Instead, the Steelers seemed to read Lewis like a book. By the second half, the running back who helped energize the Browns during their come-from-behind win against the Seahawks the week previous looked like he was on retirement's doorstep. Lewis lacked any explosiveness as he hit the line, and his north-south, pile-driver rushing style looked to be taking a toll on both his arms and legs.
Pittsburgh's plan to stop Lewis seemed to consist of boxing him in and letting him tire himself out by forcing him to keep his legs moving. It worked way too well, and now we all get to concern ourselves with the possibility that Lewis is going to end the year with an exhausted thud.
3. Todd Grantham might be coaching his way out of job.
If you want to pin the Browns' defensive woes this season on a lack of speed and talent on the defensive line, you need to take a step back and view the bigger picture.
The Browns actually had a pass rush Sunday. The defensive front neutralized the often-celebrated Steeler offensive line, reached the backfield regularly and paved the way for four sacks of Roethlisberger. That's right, four sacks.
The problem was, if the suddenly-effective defensive line got into the backfield, it tended to leave a massive, crater-sized hole in the coverage, which led to Roethlisberger's Elway-esque scrambles to keep drives alive.
Usually, the huge soft spots occurred because defensive coordinator Grantham eschewed any form of blitzing in favor of deep coverages (the so-called "prevent defense") in the second half.
I hate the prevent defense. Let's get that out of the way up front. You force mistakes at the front end of the play by harassing the quarterback, not by choking off the receivers at the back end. Even though at least one sack of Roethlisberger could be attributed to good coverage, when you're facing a big, mobile QB like Roethlisberger, you always give him the option of scrambling when he sidesteps a minimal pass rush and finds no defenders in front of him for 20 yards.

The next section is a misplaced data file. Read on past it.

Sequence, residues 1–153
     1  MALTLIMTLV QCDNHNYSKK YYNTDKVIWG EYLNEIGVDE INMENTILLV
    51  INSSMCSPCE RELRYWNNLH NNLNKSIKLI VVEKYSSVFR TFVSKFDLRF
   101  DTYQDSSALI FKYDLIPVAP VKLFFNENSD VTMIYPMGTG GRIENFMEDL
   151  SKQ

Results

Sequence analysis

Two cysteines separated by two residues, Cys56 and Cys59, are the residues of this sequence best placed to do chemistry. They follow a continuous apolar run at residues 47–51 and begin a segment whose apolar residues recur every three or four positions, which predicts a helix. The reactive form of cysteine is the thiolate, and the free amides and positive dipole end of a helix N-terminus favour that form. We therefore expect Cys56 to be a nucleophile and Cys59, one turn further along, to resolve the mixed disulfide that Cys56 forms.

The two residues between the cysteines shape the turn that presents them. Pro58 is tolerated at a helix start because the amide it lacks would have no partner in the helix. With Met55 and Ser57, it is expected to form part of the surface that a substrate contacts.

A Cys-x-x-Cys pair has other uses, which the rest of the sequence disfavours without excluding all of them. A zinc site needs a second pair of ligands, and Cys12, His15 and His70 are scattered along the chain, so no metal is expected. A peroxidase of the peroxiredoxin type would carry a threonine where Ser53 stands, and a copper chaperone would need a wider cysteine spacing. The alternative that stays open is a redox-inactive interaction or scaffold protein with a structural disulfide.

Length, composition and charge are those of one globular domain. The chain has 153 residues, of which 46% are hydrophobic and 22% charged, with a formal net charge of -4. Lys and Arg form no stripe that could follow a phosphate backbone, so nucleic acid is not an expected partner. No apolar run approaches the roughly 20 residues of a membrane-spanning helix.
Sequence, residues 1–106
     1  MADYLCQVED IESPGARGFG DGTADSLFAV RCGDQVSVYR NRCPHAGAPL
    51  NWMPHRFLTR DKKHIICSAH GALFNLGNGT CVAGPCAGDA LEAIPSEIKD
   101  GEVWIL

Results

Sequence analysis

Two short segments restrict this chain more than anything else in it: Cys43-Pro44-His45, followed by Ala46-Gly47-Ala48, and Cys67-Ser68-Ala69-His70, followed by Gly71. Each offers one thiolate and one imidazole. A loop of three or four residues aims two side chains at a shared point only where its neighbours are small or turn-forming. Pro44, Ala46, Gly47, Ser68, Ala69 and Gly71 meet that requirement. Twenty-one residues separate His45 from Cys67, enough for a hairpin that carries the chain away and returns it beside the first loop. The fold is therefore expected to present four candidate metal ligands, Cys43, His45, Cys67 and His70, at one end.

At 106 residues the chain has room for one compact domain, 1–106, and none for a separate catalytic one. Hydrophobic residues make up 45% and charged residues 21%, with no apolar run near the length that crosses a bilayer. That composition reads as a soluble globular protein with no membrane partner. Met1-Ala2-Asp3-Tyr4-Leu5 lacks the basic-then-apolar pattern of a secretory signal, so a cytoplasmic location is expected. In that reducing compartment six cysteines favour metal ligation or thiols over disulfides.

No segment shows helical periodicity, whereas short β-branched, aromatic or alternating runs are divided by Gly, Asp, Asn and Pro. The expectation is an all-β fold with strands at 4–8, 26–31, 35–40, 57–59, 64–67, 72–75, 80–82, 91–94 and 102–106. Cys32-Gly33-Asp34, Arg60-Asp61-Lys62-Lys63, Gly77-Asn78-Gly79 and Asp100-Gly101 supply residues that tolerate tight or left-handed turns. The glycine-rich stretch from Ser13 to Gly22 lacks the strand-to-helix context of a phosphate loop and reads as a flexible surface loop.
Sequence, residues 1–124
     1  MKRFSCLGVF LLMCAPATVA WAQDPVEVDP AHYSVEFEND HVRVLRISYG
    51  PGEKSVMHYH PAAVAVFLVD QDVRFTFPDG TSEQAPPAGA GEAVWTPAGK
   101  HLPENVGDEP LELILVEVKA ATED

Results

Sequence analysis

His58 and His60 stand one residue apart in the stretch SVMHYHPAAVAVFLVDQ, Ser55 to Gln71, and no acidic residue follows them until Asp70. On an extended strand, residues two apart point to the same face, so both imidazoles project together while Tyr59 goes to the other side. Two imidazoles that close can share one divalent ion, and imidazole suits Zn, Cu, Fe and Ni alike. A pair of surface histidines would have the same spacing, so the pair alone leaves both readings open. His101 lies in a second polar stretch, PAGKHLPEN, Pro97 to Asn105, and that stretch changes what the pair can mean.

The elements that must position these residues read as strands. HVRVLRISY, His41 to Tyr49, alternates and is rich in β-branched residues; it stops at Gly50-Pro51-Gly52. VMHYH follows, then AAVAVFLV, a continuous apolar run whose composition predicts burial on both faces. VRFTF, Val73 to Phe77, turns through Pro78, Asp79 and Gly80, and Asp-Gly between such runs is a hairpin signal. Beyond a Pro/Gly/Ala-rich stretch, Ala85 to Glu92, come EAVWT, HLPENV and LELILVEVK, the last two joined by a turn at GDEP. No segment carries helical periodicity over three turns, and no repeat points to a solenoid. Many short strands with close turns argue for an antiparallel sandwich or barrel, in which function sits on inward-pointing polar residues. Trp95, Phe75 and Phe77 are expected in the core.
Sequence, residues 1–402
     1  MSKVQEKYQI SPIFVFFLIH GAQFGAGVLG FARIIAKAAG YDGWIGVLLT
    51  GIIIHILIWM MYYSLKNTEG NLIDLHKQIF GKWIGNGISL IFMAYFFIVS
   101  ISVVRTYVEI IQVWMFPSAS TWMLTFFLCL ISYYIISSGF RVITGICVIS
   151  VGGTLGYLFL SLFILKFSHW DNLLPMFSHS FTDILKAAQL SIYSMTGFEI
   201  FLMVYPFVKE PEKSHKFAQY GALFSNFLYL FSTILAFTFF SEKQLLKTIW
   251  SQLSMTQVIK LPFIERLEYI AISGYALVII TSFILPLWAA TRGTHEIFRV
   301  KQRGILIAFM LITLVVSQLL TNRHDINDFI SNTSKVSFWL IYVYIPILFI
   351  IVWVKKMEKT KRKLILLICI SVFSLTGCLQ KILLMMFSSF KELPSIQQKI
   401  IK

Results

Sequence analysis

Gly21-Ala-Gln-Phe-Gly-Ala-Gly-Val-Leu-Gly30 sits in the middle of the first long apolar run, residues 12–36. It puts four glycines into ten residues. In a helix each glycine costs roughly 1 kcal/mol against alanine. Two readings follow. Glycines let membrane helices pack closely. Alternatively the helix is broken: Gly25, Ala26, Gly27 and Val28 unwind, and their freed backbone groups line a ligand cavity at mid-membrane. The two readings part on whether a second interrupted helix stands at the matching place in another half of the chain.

It appeared that Grantham and Romeo Crennel seemed content to try and sit on a 21-9 halftime lead, which is a bad idea. You're not going to kill the clock for 30 minutes. In the fourth quarter, Pittsburgh caught on and began running no-huddle sets aimed at keeping the Browns' linebackers and secondary huffing and puffing around their coverage zones. For some reason, constant backpedaling seems to take more out of a defense than trying to blast into the backfield.
All in all, it reeked of the 2002 playoff loss in Pittsburgh, when Butch Davis called off the Dawgs after halftime, resulting in a similar collapse.
4. Run that by me again ... you burned a timeout to figure out whether or not you should burn a timeout?
Romeo Crennel has done a lot in a short time to douse any brush fires concerning his job security. About the only thing that would kick the flames back up would be a massive tank job over a stretch run that features a squishy schedule. Unless Crennel figures out a way to take the Browns from 5-4 to 6-10, there should be no doubt he will be this team's coach in 2008.
But that doesn't mean there aren't still some serious questions about the way he handles game-day activities from the sideline. They're the kind of issues that don't matter so much when your team is below .500 and developing players is the priority. But when you're contending for a playoff spot, they're the kind of issues that can decide the fate of a season.
Chief among the knocks on Crennel is his ability to make sure everybody on the field and in the booth are on the same page.
In the first half, an obviously-agitated Crennel almost failed to throw the red challenge flag on the field before the Browns lined up for a field goal attempt. The subsequent review that almost never was reversed a call and gave a touchdown to Braylon Edwards. The nearly-fatal delay in throwing the flag suggested either a case of indecision or a clogged communication pipeline existed between Crennel and the people he consults on such matters.
That sequence foreshadowed what would happen in the fourth quarter, when Roethlisberger found tight end Heath Miller in the end zone for what would prove to be the winning touchdown.
Maybe it was an act of desperation brought about by watching the game slip away, but according to The Plain Dealer, Crennel conferred with personnel director T.J. McCreight, who advises the coach on whether to challenge plays. After talking it over, the two decided that Miller's bobble of the ball as he hit the ground was significant enough to warrant risking a timeout to challenge the on-field ruling of a touchdown.